When attempting a beautiful finished cabinet paint project, there are a few things a homeowner needs to keep in mind and properly sanding your cabinets and doors is a must to get it right the first time. Cabinet painting is a very detailed system. Homeowners looking to undertake these types of projects should take the information in this article to be prepared for what it takes to produce beautifully finished cabinets.
Painting your kitchen cabinets is not like painting the walls or doors of your house. You must follow a system. The first part of that system is to remove any hardware. Next is to properly clean your cabinets and then fill in any holes or grains that will show up in your finished product. The worst thing that can happen is to do everything right, and not cover holes or grain, so you have to start all over again.
This article is about how to achieve a smooth finish, and that starts with sanding your cabinets. Depending on what cabinets you have, whether they are oak or redwood, you need to choose the correct sandpaper grit. The two different grits homeowners should have on hand are 150-grit and 220-grit sandpaper.
Going with a grit coarser than 150 will start to dig into your wood and those scratches will show up when you paint your cabinets and the scratches are really bad then you need to fill them in and start the process over again. Never go below 150 grit sandpaper. Some people will suggest 120 grit sandpaper, but that is incorrect and should never be considered for your cabinet painting project.
You’ll start by sanding with 150-grit sandpaper first, because that’s what will penetrate the caulk or other paint that’s on your cabinets to give your primer something to adhere to, too. When painting your cabinets, you don’t need to sand the wood. Sanding down to the wood is only necessary if you are going to stain your cabinets a new color or to give them a fresh look.
Most people think that you need to sand your cabinets down to the wood to paint them, but that’s not true. Also, the purpose of sanding your cabinets is to remove the gloss sealer that is now on your cabinets. Gloss Sealant is made to repel or create a poor bond for grease, oil, dirt, and paint. Once you have finished sanding your cabinets, make sure they are very dull and free of scratches.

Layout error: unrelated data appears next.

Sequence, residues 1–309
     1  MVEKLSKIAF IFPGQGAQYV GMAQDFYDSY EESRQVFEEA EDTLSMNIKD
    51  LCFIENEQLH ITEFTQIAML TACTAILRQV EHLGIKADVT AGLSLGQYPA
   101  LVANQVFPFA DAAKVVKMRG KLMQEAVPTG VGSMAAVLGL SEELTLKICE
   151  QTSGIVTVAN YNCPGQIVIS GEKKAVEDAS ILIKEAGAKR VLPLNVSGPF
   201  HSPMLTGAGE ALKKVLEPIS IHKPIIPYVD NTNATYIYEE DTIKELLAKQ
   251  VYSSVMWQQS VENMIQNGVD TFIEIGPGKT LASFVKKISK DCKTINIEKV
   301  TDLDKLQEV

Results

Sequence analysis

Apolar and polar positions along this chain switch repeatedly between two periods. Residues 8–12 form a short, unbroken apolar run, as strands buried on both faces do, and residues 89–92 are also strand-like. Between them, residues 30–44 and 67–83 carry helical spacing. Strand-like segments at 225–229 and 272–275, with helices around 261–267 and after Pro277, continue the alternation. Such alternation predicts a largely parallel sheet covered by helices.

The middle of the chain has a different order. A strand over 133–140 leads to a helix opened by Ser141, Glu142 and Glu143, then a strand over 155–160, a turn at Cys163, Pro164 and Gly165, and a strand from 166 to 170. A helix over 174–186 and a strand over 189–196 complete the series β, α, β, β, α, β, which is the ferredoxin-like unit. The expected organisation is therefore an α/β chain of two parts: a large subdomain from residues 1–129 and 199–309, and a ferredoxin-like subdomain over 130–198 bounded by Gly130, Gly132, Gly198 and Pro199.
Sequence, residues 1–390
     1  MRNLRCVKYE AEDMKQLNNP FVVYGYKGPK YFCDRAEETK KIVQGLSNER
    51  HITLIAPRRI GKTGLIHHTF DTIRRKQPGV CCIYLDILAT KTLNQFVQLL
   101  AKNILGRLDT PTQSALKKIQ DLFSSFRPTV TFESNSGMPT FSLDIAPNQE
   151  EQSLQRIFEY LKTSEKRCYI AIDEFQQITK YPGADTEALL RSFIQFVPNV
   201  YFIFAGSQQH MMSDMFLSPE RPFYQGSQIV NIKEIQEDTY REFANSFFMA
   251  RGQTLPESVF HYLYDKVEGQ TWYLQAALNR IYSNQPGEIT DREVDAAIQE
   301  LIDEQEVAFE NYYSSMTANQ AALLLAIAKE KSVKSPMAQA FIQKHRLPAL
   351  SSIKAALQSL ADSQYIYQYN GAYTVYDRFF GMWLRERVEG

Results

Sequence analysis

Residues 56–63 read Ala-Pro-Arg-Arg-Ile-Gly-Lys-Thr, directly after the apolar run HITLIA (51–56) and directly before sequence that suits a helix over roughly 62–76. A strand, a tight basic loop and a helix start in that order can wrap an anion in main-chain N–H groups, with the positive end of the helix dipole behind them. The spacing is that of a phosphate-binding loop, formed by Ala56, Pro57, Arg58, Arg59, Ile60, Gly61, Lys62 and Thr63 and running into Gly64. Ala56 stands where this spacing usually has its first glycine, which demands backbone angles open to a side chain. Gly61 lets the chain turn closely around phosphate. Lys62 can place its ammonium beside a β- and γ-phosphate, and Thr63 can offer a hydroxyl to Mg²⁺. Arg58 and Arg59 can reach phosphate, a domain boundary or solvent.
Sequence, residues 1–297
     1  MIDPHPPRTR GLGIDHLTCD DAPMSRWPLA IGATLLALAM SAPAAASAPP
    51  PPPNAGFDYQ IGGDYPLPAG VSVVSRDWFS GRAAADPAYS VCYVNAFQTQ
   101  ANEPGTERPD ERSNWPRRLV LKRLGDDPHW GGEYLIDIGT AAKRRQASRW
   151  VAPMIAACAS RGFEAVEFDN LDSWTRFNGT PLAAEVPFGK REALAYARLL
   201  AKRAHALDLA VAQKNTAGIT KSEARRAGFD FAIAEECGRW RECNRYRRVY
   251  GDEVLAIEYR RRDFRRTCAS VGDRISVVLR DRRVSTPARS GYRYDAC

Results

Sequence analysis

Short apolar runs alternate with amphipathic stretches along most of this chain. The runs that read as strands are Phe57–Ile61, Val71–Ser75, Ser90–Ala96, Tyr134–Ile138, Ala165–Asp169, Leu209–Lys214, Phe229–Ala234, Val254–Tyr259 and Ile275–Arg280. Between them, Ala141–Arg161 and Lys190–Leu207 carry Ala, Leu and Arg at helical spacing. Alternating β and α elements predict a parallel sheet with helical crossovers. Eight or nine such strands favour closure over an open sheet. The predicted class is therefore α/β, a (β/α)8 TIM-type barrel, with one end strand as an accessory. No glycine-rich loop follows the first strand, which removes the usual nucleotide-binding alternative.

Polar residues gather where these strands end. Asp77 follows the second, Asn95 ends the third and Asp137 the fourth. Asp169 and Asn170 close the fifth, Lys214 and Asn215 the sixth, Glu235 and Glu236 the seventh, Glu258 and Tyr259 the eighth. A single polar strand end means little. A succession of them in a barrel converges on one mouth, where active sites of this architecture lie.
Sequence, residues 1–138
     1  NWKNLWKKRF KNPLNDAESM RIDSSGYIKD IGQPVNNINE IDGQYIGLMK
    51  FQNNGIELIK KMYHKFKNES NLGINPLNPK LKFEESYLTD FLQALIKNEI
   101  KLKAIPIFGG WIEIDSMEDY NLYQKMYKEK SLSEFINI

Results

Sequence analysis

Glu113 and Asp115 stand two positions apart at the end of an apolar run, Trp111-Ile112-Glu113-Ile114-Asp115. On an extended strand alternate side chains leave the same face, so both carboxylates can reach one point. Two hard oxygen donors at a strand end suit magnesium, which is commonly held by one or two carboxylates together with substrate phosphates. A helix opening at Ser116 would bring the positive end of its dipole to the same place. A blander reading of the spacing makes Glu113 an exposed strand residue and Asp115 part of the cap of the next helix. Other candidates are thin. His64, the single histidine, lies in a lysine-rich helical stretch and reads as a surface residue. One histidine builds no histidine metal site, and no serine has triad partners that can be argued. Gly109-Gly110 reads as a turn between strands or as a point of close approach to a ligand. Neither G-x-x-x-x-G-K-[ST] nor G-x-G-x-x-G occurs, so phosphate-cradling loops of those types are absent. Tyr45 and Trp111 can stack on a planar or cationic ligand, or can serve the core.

After you’ve sanded down the first level of protection on your cabinets, you’re now ready to remove any leftover dust. If there is dust that was not removed, the dust once primed will give its own sandpaper feel and your finish will not be smooth. It’s best to clean cabinets with a damp rag once you think you’ve removed all of the sanding dust. Let the cabinets dry for a few minutes and repeat the wiping process with a damp rag or towel.
You are now ready to prime your cabinets. After the primer has dried properly, it usually takes 4-24 hours, depending on the primer you used and the manufacturer’s recommendations. This is when you put away the 150 grit sandpaper, you don’t need it anymore. Once your cabinets are primed, you will need to use 220 grit or finer sandpaper. Sand the cabinets smooth because the primer usually has a texture of its own. You are going to lightly sand the primer. You’re not trying to sand the cabinets hard, because you don’t want to sand the primer and have to re-prime the stained areas of the cabinets.
Repeat the dust extraction process. Use microfiber cloths to remove dust, then use damp rags or towels to remove any remaining dust. The next step is to paint your cabinets with the first coat of premium paint. Let the paint dry and sand your cabinets again between each coat of paint. You want to apply a minimum of 2 coats of paint.